|Publication number||US7556276 B1|
|Application number||US 11/566,210|
|Publication date||Jul 7, 2009|
|Filing date||Dec 2, 2006|
|Priority date||Dec 2, 2006|
|Publication number||11566210, 566210, US 7556276 B1, US 7556276B1, US-B1-7556276, US7556276 B1, US7556276B1|
|Inventors||Charles Emet Dunlap|
|Original Assignee||Charles E. Dunlap|
|Export Citation||BiBTeX, EndNote, RefMan|
|Patent Citations (24), Non-Patent Citations (1), Referenced by (11), Classifications (6), Legal Events (1)|
|External Links: USPTO, USPTO Assignment, Espacenet|
1. Field of Invention
This invention relates to rear suspension bicycle frames, particularly off-road rear suspension bicycles used on terrain with varying conditions and surfaces, with loose and immovable objects to travel over.
2. Prior Art
Rear suspension has proven to be a benefit in comfort and performance bicycles. This benefit is especially realized with off-road bicycles. Rear bicycle suspension absorbs shock from road and/or trail surface variations. By absorbing impacts, tire traction is improved giving the rider improved control of the bicycle. Improved tire traction is a benefit in lateral, forward, and rearward directions. Cornering, turning, accelerating, climbing, and braking are improved.
Typical rear bicycle suspension designs found in prior art are comprised of linkages, similar to those used in automobiles and motorcycles. The composition of rear suspension linkages make up the suspension chassis. Prior art designs have attempted to increase pedaling efficiency through arrangement of the linkages while still providing shock absorption for improved traction in turning and braking. Four-bar linkages and similar single swingarm linkages have commonly been used in prior art linkage arrangements for rear suspension. Prior art and bicycles of these types in general have always had an undesirable high center of gravity. Overcoming taller trail obstacles has also presented challenges to even the most skilled riders.
More recently, the inventor of the present application has developed a unique design that improves pedaling efficiency and handling over prior art designs, while allowing for maximum bump absorption for many different types of terrain. Even though designs such as U.S. Pat. Nos. 5,957,473 and 5,509,679 have advantages over prior art designs, limitations exist on their geometry, inherent high center of gravity, overcoming immovable trail objects, and other performance characteristics. These designs are well known in the field.
More recent designs in the field such as U.S. Pat. Nos. 6,450,521 and 6,203,042 have addressed other issues with certain general performance characteristics, but still fail to recognize inherent high center of gravity issues, overcoming taller immovable trail objects, and performance characteristics related to a high center of gravity.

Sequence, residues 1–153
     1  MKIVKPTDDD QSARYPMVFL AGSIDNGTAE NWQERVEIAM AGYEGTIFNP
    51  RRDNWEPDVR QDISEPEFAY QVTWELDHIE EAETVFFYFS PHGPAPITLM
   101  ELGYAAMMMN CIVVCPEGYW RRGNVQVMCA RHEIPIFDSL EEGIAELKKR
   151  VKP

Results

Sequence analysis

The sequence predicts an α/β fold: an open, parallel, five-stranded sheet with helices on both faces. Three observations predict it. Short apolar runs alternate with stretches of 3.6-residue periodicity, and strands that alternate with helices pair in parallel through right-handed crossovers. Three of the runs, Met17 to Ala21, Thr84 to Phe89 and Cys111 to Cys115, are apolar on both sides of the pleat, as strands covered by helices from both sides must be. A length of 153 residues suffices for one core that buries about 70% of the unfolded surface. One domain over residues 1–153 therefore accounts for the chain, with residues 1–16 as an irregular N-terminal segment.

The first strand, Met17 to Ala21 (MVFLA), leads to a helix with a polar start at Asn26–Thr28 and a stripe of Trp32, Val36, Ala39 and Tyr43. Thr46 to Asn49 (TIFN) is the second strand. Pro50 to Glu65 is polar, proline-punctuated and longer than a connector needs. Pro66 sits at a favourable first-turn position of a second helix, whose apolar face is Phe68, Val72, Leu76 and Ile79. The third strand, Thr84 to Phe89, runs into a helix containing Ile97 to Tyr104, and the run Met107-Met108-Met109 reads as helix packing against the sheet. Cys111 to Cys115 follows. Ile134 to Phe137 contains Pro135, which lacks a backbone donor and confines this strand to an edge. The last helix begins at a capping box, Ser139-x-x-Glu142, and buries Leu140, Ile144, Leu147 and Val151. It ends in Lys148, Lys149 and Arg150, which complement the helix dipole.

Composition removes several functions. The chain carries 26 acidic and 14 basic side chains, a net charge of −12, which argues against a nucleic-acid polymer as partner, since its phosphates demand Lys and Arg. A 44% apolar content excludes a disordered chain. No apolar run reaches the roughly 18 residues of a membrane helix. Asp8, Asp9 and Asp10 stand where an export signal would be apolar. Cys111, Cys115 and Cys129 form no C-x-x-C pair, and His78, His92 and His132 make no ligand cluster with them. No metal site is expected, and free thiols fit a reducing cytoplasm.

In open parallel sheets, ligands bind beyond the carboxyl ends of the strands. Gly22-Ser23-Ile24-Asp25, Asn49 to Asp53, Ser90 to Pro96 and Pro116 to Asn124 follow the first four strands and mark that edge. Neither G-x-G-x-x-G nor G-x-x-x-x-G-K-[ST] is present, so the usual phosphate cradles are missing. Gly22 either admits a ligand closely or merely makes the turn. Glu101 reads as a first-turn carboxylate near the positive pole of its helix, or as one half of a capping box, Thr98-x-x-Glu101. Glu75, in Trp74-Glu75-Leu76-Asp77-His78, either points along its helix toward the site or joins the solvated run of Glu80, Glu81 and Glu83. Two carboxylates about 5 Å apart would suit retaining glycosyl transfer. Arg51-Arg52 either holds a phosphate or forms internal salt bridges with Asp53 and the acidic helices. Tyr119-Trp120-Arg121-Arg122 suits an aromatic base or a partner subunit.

As a result, there has been a need for an alternative design that provides superior performance over prior art of the present application. There has been a need for a design with the superior handling of a low center of gravity bicycle that responds when traveling over larger trail obstacles.
Accordingly, several objects and advantages of the present invention are:
In accordance with the present invention, the unique geometric arrangement lowers the center of gravity of the bicycle compared to prior art designs by placing the suspension chassis members in a lower position than prior art while still reacting to help travel over trail obstacles. Lower center of gravity reduces the swing inertia of the bicycle while providing greater stability in handling and cornering.
While reacting to travel over objects in the trail, the unique suspension chassis also protects the bicycle rear wheel from taller trail objects that can make it difficult for the rider to travel over. The unique linkage design provides a skid plate that helps to actuate the rear suspension, where the rear wheel will actually lift up with significant lower linkage contact to clear the immovable object. Skid plates have been used on bicycles in prior art but these applications failed to use the skid plate as a means to activate the rear suspensions in traveling over tall obstacles or as part of the suspension chassis to lower the bicycle center of gravity.
The rear suspension chassis provides a unique geometric arrangement and rear wheel response for maximum pedaling efficiency over varying terrain. The rear wheel movement neutralizes pedaling induced suspension movement by altering wheel path about its moving instant center. The said moving instant center also varies the natural frequency of the system, resisting movement at lower frequency pedaling while moving freely to absorb higher frequency impacts.
Variations of the present invention include relocating the shock absorber in different locations, as well as variation in the upper and lower control arms. The said upper and lower control arms may be pivotally attached or rigidly attached to on another.
Accordingly, it is an object of the present invention to provide improved trail obstacle response and pedaling efficiency from its suspension chassis and wheel movement around a moving center.
It is a further object of the present invention to provide an improved natural frequency in the pedaling range of suspension compression, which improves traction, pedaling efficiency, and superior bump absorption.
It is yet another object of the present invention to provide an improved bicycle suspension chassis center of gravity by placing the chassis members and lower pivots below the centerline of the crank shaft housing. These characteristics and unique linkage arrangement of suspension chassis members of the present invention improve bicycle performance as it is used in the field.